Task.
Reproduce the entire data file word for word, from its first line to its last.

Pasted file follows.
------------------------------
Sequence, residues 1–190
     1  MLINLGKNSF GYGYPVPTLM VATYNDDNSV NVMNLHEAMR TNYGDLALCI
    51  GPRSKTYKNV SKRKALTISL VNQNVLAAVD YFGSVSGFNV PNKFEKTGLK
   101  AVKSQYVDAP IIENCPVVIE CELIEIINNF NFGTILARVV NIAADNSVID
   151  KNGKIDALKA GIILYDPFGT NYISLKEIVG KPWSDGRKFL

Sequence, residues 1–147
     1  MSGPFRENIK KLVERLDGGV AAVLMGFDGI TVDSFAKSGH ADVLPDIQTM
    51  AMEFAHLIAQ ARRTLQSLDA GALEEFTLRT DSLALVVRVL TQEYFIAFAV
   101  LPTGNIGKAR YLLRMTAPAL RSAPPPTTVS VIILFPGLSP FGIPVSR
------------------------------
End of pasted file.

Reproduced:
Sequence, residues 1–190
     1  MLINLGKNSF GYGYPVPTLM VATYNDDNSV NVMNLHEAMR TNYGDLALCI
    51  GPRSKTYKNV SKRKALTISL VNQNVLAAVD YFGSVSGFNV PNKFEKTGLK
   101  AVKSQYVDAP IIENCPVVIE CELIEIINNF NFGTILARVV NIAADNSVID
   151  KNGKIDALKA GIILYDPFGT NYISLKEIVG KPWSDGRKFL

Sequence, residues 1–147
     1  MSGPFRENIK KLVERLDGGV AAVLMGFDGI TVDSFAKSGH ADVLPDIQTM
    51  AMEFAHLIAQ ARRTLQSLDA GALEEFTLRT DSLALVVRVL TQEYFIAFAV
   101  LPTGNIGKAR YLLRMTAPAL RSAPPPTTVS VIILFPGLSP FGIPVSR